This is all kinda besides the point though. Kansas is ridiculously alarmist and inaccurate in even more ways. Every single character in this movie is a "Jesus Freak." This is NOT the way Christian camps work, and it's honestly an insult to my intelligence even ignoring my faith. I believe it's a trope of films dealing with Christian camps that there's always the juvenile delinquent that was sent by the parent to try to whip some sense into them. Kansas does not have this character, but the thing is... it's a trope because it's true. Jacob starts off as a doubter of the faith, but then becomes a Jesus Freak like everyone else in the damn movie. The film needed a character that didn't change and remained doubting his faith. I'd say at least half of those camps I attended, I felt absolutely no difference after the camp.

 

Okay, after this I'll start analyzing the film besides my issues with its massive inaccuracy, but first, an Expedecade style list of inaccuracies of this film with the five Christian camps I attended along with the youth conferences.

 

    • I have never seen an actual Christian flag flying, or heard the Christian pledge in real life.
    • I have not once, despite going to five Christian camps, two youth conferences, and helping out with about six Vacation Bible Schools, seen any child cry about Jesus or God. I've seen tears, yes, but that's more because of kids being kids and hurting each other.
    • What the fuck is with the repeated cult imagery in this movie? The Internet has given Christianity an awful reputation as an evil cult that demands all adhere to their ways. In my general experience, the only cultish Christians are those who are homeschooled, and even then, they are usually functional members of society, if a bit judgmentally prude.
    • "Mary also announces the church’s camp in July, the Followers of God Camp, which brings another round of applause, and that the kids in the audience should pray if they can go this summer." Jesus fucking Christ. No one actually says, "you should pray to go somewhere." Most evangelical Christians are, well, evangelical. By this I mean that what makes evangelical Christians different than most other denominations is that they are focused on the outreach aspect of ministry. My personal denomination teaches that praying for yourself is not the way to go, and if you do pray for yourself, you better be happy with whatever answer God gives you. This is all besides the point though, since if they're attending this church, their parents are obviously not gonna have any issues with them attending the camp, and also, if they couldn't afford it, the church typically will sponsor a scholarship to the camp. Basically this whole line of dialogue makes no sense.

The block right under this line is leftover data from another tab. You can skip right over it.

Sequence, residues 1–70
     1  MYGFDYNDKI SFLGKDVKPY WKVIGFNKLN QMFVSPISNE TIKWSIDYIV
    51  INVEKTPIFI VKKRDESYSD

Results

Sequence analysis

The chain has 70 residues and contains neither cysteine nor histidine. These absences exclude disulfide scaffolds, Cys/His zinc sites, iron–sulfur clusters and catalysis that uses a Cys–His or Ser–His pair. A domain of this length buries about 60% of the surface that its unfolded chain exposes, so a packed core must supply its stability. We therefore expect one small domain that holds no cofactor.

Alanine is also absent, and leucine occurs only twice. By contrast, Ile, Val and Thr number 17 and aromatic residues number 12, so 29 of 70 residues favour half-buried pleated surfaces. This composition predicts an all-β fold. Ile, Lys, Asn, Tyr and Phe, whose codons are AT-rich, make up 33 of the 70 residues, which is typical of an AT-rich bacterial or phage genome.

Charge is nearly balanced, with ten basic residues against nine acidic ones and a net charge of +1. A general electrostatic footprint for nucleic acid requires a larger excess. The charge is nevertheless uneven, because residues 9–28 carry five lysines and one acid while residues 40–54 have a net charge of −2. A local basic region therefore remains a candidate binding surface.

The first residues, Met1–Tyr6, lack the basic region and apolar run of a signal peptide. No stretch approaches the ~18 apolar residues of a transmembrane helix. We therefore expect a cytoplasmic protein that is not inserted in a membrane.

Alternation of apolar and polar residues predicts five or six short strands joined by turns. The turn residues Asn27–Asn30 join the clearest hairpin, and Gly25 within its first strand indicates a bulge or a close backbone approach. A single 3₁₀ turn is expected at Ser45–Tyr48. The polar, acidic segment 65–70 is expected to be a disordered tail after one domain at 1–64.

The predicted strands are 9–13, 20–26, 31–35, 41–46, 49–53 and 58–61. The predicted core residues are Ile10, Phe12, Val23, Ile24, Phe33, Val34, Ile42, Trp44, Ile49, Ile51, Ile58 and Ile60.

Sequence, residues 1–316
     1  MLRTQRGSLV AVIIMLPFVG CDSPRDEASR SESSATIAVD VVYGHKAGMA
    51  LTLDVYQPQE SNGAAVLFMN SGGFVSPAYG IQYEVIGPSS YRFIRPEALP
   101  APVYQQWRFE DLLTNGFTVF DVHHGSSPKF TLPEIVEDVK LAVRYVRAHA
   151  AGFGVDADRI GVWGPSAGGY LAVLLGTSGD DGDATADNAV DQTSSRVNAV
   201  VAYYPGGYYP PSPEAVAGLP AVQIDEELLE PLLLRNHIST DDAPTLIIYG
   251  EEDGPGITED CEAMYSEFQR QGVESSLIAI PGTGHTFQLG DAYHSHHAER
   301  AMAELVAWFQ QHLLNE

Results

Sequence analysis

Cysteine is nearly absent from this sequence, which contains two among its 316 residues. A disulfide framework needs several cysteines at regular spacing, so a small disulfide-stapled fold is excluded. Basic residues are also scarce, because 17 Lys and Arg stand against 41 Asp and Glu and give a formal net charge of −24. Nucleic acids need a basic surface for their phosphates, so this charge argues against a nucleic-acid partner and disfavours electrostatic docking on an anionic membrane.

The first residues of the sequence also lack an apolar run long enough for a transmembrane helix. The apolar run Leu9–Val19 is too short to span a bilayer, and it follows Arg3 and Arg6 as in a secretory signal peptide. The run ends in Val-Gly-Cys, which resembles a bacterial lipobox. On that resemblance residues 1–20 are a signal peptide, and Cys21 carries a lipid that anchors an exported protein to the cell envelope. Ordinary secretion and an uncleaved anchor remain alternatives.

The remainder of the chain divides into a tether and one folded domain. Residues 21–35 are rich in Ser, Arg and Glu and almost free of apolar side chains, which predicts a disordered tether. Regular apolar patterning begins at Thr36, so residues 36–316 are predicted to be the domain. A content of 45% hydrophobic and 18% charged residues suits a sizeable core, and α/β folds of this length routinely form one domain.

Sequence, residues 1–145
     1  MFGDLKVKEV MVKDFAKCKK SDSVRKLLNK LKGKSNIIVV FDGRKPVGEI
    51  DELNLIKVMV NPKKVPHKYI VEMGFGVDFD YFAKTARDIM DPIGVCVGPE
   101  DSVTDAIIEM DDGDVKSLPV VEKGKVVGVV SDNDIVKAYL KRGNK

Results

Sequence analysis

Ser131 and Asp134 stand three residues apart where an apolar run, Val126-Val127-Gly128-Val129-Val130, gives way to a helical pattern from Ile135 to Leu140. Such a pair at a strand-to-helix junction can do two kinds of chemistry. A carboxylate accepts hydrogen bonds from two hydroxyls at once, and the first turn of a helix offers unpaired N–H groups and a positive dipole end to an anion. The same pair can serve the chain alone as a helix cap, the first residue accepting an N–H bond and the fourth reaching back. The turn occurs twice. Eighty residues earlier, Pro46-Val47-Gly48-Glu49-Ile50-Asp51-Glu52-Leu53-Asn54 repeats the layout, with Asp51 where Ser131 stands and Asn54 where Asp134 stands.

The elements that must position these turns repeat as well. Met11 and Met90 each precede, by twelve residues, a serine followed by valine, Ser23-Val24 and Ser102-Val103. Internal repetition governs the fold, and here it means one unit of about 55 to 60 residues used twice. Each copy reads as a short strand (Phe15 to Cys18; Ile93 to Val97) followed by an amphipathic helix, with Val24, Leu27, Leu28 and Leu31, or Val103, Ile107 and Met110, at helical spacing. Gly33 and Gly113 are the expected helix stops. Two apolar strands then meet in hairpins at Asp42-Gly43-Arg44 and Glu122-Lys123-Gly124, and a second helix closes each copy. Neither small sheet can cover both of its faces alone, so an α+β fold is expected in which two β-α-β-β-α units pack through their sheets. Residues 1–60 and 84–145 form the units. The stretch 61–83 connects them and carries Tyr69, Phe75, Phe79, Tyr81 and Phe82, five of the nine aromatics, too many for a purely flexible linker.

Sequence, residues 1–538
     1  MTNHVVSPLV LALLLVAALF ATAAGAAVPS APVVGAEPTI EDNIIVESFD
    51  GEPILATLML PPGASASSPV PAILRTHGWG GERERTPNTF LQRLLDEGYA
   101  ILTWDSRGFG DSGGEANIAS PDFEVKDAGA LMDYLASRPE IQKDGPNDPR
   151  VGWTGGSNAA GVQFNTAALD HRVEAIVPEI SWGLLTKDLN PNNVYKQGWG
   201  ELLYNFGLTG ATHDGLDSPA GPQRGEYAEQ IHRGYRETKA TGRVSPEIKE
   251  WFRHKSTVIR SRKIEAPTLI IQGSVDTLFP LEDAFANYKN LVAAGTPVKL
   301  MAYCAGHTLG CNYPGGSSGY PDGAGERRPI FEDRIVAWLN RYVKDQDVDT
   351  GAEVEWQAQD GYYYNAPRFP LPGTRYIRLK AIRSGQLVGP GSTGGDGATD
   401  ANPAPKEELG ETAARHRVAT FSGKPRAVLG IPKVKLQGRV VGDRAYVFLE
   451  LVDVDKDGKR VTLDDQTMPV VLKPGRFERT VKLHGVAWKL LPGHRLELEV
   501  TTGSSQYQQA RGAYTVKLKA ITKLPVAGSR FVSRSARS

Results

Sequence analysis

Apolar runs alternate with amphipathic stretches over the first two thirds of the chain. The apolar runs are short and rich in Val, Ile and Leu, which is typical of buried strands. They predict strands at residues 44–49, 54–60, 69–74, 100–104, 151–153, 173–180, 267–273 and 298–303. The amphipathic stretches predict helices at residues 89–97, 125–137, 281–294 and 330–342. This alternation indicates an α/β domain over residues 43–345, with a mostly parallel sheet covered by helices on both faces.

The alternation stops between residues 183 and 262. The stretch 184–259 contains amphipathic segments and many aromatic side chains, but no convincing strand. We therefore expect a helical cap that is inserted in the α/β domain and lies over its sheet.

• Fasting? Fasting? I have never met an evangelical Christian, either within my own denomination or others, who fasts. Evangelical Christianity is one of the most liberal denominations; the only issues they have that are conservative are gay marriage and abortion. (FYI, just to clarify, I'm very lax in carrying about these areas. I frequently defend gay rights in my family.)
    • "Some people seem as if they’re in a trance, murmuring random words. Some people start yelling in the children’s ears, that they can fix this world, and change humanity." ... honestly I don't even know
    • This is followed up with a scene where Jacob deals with his uber-religious mom despite  his doubts in the faith. This could be done well, even in a satirical way. If the mother had started quoting a Facebook repost, this scene could've both been hysterical, and make a good point for any Christian who might actually be watching the film; that those "share or go to hell" posts are just. Instead, we get a reddit story personified through all the anti-science rants of some Christians in one scene.
    • Harry Potter rant. Wow. Cannot believe Aronofsky actually wasted his space with that. To clarify, even though I personally was banned from reading Harry Potter as a child, it was because I was a child. Around age 10, the books were opened up to me but I just never bothered reading them. I have homeschooled Christian friends and even a Mormon friend (a religion I believe to be more strict in general,) who have read every single Harry Potter book. The Harry Potter controversy died a long time ago, and even it hadn't been, it's an overplayed complaint.